NASA Headquarters, Washington, DC
Jet Propulsion Laboratory, Pasadena, CA
September 26, 1997
"The lander and rover performance continues to be nothing short of extraordinary," said Brian Muirhead, Mars Pathfinder project manager at NASA's Jet Propulsion Laboratory (JPL), Pasadena, CA. "We have proven that we know how to design robust robots to operate in the hostile environment of Mars."
The rover has just completed its last alpha proton X-ray spectrometer study for a while, taking compositional measurements of a rock nicknamed Chimp, located just behind and to the left of an area scientists call the Rock Garden. Once data from the spectrometer have been retrieved, Sojourner will begin a 164-foot (50-meter) clockwise stroll around the lander to perform a series of technology experiments and hazard avoidance exercises.
Meanwhile, the Pathfinder lander camera is continuing to image the Martian landscape in full-resolution color as part of its goal to provide a "super panorama" image of the Ares Vallis landing site. Each frame of this panorama is imaged using 12 color filters plus stereo.
"The super pan will be our biggest and best imaging data product," Muirhead said. "It is made up of 1 gigabit (1 billion bits) of data, of which we've received more than 80 percent. Given our limited downlink opportunities, we should have the full image by the end of October."
The 22-pound (10.5-kilogram) rover has survived 10 times longer than its primary mission design of seven days, while the lander has now been operating 2.5 times longer than it was originally expected to operate, according to Richard Cook, Mars Pathfinder mission manager.
Both vehicles are solar-powered, but carried batteries to conduct night-time science experiments and keep the lander warm during the sub-freezing nights on Mars. Normal usage has fully depleted the rover's non-rechargeable batteries, limiting it to daylight activities only. The lander battery, which packed more than 40 amp-hours of energy on landing day, performed perfectly during the 30-day primary mission, but is now down to less than 30 percent of its original capacity.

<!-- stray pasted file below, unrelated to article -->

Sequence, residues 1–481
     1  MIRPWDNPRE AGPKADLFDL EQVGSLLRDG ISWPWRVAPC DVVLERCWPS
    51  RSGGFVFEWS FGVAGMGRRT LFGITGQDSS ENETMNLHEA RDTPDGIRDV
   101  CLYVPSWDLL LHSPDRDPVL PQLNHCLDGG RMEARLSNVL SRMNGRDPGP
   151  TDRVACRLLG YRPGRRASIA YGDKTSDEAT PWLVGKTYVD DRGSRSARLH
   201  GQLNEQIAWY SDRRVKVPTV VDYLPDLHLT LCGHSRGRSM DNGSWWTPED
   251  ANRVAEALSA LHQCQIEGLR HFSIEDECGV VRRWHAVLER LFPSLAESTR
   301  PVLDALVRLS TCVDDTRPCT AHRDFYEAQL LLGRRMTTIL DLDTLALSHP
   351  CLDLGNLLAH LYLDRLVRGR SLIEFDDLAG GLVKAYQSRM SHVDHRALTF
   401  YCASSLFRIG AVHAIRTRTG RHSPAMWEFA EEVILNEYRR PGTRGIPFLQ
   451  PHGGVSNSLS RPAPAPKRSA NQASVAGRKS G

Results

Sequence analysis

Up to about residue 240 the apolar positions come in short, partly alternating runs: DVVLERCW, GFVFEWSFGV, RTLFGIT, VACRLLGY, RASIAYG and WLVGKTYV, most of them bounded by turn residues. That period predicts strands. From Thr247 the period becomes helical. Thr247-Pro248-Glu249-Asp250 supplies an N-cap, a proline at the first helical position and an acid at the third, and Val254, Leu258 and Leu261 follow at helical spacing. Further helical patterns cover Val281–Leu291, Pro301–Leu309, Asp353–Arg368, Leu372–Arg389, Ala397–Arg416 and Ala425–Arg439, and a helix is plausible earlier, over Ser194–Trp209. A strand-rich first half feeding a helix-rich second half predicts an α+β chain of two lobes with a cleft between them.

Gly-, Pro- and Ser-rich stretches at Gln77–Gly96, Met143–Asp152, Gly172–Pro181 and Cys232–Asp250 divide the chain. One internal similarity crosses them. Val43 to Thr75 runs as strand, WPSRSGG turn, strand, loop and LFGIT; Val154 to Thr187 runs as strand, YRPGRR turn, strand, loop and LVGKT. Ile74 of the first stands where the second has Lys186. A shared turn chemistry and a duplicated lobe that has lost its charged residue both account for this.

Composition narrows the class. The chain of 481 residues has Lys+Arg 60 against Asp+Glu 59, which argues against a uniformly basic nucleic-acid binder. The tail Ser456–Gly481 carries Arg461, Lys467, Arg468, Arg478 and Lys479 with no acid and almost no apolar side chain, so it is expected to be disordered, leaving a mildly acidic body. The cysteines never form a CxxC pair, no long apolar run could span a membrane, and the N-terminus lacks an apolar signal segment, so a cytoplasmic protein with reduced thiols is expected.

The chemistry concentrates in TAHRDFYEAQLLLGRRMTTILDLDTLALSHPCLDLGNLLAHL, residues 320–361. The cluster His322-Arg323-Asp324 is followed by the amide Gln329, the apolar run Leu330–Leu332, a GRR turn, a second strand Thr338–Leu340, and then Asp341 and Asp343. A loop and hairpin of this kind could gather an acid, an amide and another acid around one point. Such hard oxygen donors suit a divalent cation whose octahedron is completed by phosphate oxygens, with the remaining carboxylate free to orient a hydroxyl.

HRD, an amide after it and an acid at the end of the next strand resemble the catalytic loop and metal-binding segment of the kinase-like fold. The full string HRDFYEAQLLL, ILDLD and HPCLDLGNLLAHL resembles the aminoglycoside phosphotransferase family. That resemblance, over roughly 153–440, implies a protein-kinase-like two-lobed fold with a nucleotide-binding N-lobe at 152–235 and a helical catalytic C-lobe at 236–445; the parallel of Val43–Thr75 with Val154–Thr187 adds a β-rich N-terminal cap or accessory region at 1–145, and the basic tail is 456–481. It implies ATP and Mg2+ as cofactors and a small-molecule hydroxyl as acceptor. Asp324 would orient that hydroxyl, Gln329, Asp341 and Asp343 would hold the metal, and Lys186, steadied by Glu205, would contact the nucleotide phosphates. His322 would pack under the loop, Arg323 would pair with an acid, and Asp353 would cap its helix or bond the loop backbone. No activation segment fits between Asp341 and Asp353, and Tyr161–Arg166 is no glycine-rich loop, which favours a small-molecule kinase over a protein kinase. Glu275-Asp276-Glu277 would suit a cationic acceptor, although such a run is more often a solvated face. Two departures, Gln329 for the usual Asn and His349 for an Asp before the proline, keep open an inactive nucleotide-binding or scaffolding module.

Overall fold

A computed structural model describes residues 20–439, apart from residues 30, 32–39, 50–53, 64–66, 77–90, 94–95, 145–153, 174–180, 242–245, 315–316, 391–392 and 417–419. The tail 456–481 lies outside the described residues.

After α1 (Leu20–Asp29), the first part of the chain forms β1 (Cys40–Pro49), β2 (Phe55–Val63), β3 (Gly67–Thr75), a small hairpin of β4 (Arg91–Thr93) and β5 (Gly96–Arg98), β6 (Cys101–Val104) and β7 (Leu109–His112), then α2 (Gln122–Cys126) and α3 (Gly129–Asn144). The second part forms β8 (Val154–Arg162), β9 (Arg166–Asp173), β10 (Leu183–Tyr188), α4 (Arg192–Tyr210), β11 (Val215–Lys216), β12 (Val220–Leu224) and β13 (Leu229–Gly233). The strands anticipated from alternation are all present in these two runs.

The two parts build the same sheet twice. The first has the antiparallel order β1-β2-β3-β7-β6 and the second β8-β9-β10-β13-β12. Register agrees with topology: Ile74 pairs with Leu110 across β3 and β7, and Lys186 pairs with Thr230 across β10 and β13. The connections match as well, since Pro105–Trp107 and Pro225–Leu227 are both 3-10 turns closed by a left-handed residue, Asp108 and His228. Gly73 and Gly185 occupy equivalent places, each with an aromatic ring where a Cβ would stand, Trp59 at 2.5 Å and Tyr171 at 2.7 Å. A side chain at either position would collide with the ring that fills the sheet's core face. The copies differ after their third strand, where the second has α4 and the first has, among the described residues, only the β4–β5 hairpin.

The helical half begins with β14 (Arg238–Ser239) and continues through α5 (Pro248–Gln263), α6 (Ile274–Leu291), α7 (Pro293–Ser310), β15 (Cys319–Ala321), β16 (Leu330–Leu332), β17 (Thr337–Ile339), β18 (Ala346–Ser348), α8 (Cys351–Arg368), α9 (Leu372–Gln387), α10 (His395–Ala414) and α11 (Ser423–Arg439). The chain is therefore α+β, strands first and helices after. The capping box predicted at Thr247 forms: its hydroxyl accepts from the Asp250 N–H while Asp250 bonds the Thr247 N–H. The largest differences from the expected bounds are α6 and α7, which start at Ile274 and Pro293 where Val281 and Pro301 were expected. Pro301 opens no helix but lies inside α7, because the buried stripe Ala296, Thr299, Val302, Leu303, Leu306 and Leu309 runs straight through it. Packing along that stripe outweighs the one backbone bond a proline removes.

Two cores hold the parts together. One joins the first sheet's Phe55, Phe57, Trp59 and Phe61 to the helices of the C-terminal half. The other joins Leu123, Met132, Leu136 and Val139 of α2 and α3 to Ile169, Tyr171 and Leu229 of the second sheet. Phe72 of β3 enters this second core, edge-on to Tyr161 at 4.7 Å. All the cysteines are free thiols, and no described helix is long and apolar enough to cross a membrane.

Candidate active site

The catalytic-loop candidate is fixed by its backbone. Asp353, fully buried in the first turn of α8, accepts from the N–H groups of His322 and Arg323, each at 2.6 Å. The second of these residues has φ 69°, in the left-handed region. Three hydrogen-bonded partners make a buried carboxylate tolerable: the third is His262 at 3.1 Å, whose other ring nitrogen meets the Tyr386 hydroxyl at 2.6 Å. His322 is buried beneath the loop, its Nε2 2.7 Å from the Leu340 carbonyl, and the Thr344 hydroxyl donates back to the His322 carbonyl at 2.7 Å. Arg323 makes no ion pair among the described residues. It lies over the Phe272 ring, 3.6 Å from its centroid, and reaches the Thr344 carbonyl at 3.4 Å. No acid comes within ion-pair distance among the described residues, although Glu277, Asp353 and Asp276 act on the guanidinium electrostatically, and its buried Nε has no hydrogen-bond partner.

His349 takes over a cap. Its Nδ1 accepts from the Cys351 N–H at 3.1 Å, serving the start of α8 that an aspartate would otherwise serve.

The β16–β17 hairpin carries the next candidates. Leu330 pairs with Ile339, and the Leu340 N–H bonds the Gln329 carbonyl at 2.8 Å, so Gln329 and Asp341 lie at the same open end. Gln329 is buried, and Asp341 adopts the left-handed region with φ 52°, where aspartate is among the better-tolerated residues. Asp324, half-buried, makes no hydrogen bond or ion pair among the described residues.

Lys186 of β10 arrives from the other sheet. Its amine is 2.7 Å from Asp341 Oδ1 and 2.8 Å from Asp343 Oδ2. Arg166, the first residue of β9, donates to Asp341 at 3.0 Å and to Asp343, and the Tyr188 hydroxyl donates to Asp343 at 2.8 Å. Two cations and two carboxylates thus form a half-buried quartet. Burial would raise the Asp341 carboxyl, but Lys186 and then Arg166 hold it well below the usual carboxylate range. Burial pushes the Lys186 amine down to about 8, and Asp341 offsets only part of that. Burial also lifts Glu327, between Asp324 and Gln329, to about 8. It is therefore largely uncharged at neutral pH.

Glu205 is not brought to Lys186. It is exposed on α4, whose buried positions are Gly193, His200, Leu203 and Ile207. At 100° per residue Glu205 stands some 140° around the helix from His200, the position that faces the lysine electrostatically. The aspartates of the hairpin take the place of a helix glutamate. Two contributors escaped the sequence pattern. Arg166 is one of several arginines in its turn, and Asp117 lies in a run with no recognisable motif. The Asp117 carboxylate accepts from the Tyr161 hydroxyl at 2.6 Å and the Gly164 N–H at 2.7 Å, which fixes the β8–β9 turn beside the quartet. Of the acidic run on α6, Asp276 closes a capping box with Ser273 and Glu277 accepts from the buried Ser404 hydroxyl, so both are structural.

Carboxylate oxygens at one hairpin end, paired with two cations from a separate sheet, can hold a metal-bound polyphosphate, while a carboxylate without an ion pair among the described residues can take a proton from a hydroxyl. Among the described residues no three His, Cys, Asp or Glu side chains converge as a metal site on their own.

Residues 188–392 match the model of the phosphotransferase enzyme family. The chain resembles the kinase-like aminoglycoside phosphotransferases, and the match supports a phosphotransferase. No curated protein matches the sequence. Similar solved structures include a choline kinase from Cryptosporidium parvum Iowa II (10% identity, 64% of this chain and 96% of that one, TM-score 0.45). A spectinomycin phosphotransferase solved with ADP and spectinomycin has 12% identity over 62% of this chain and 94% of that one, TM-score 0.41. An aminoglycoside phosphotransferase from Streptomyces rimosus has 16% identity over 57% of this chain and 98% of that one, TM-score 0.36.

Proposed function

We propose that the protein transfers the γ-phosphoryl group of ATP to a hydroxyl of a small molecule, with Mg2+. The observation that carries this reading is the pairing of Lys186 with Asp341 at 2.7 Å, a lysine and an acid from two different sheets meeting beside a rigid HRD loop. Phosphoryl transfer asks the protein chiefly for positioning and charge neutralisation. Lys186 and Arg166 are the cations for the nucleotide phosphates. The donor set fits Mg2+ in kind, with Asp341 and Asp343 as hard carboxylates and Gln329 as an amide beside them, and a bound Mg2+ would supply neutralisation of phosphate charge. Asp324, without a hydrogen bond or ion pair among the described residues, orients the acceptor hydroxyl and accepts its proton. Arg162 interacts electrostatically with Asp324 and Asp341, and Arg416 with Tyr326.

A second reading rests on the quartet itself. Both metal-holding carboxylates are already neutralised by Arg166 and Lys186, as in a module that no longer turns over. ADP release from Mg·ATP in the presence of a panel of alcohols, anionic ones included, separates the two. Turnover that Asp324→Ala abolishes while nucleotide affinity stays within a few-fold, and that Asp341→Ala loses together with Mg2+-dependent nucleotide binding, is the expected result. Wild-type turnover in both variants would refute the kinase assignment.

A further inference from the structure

"We expected to begin seeing this type of degradation on both vehicles and, of course, designed both the lander and rover to operate without batteries altogether," Cook said. "If everything else continues to operate properly, we could continue conducting surface experiments for months."
About once every two weeks, the lander battery is used to perform some night-time science experiments, he added. The primary activity is acquiring meteorological data and images of morning clouds, as well as images of Mars' two small moons, Phobos and Deimos.
Despite the lack of battery power, the rover has continued taking successful spectrometer readings during the day. In the next two weeks, engineers will drive the vehicle back to a magnetic target on the ramp from which Sojourner first touched Martian soil.
"This analysis of the dust on the ramp magnet is a very important science measurement," noted Dr. Matthew Golombek, Mars Pathfinder project scientist. "The results should give us a clue about how all this magnetic dust was formed."
The next media briefing on science results from Mars Pathfinder is tentatively scheduled for Wednesday, October 8, at 1 p.m. ET at JPL.
The Mars Pathfinder mission is managed by the JPL for NASA’s Office of Space Science, Washington, DC. The mission is the second in the Discovery Program of fast track, low-cost spacecraft with highly focused science goals. JPL is a division of the California Institute of Technology, Pasadena, CA.